The Virginia House and Senate passed competing legislation that would pave the way for a new stadium partially funded by taxpayers for the Washington Commanders in northern Virginia.
The Commanders, who changed their name from the Washington Football Team earlier this year, has considered a move to either Prince William County or Loudoun County, both of which are just outside of Washington, D.C. The bills would establish a Virginia Football Stadium Authority, which would be charged with financing the construction of the stadium and related facilities.
House Bill 1353, sponsored by Del. Barry Knight, R- Virginia Beach, passed the House 62-37 with some bipartisan support. The Senate version, Senate Bill 727, sponsored by Senate Majority Leader Dick Saslaw, D-Fairfax, passed the Senate with stronger bipartisan support, 32-8.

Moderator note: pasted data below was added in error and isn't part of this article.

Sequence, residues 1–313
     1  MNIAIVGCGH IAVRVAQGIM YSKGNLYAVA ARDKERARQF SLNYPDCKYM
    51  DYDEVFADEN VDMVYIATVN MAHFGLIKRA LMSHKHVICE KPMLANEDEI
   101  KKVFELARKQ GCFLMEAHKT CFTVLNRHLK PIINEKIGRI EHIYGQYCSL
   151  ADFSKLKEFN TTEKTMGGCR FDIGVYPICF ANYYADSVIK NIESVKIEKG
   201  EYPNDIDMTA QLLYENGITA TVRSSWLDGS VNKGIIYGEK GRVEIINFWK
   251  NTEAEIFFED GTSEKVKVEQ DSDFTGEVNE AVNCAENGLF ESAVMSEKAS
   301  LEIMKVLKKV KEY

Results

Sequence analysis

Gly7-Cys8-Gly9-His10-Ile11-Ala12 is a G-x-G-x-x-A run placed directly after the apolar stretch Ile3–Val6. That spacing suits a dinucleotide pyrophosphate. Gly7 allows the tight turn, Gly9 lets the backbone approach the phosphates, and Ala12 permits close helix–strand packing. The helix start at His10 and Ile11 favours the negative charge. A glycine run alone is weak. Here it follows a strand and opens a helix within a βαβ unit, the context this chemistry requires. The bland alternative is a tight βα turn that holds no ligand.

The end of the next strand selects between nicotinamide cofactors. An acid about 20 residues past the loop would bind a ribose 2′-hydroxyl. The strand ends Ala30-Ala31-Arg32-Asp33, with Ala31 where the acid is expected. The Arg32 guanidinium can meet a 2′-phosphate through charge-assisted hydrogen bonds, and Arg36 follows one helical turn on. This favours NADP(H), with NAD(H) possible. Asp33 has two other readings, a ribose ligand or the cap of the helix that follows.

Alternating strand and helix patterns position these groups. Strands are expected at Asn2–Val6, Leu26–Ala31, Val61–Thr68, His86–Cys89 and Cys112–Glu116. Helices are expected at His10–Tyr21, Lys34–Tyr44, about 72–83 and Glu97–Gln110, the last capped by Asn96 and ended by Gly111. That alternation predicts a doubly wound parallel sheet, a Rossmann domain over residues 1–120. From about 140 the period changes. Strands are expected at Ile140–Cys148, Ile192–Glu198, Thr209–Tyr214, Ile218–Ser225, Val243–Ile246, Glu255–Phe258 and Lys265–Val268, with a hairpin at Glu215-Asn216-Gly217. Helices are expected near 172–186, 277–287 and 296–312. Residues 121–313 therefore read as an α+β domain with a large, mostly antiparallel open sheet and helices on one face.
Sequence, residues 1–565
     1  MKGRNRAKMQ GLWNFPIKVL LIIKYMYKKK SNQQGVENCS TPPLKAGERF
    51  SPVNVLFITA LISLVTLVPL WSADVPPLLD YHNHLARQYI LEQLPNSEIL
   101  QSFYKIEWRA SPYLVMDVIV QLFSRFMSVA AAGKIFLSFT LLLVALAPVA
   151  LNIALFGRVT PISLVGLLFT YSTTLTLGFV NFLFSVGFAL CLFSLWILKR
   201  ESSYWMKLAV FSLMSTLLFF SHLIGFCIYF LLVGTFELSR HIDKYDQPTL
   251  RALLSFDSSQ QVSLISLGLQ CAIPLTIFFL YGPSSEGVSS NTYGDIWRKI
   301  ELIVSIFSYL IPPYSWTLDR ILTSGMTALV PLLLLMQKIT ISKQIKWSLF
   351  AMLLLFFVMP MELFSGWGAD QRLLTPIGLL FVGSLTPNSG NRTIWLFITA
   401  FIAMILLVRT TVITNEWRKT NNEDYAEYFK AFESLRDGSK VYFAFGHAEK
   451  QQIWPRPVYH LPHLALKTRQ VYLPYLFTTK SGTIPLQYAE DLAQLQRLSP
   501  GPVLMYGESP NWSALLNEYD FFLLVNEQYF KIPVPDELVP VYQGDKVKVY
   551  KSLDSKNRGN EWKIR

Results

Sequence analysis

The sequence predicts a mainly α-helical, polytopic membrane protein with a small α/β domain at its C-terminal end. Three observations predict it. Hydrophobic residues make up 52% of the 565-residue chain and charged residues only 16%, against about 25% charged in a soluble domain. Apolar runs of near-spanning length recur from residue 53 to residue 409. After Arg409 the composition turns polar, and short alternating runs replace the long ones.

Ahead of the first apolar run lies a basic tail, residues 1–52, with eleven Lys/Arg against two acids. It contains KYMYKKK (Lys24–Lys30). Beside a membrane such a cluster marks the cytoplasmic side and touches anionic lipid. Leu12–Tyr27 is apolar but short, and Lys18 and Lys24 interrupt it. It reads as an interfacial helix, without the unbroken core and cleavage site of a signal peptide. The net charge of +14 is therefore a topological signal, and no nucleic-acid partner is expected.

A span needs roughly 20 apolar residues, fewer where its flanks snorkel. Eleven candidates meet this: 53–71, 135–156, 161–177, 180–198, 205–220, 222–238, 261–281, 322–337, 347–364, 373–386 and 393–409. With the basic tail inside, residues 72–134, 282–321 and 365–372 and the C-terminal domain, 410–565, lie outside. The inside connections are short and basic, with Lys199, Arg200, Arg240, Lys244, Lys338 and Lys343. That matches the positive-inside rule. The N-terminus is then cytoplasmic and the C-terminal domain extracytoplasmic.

The new authority would have the power to issue bonds to fund the $1 billion stadium under both versions of the bill. The project would cost about $3 billion and the team would need to invest about $2 billion for the project. The House version of the bill would require bonds to be paid back in 20 years and the Senate version of the bill would require the bonds to be paid back in 30 years.
Under the House version, the Commanders would be required to pay for at least 50% of the stadium naming-rights deal. The House and Senate versions would return 2% of the sales tax received from anything bought at the stadium back to the team. The Senate version would also give the team 2% of the income tax for salaries and executives back to the team.
If lawmakers cannot come to an agreement, they will need to enter a conference committee to hash out their differences and come to a compromise bill. Gov. Glenn Youngkin supports bringing the Commanders to Virginia.
The team’s current stadium, FedEx Field, is based in North Englewood, Maryland.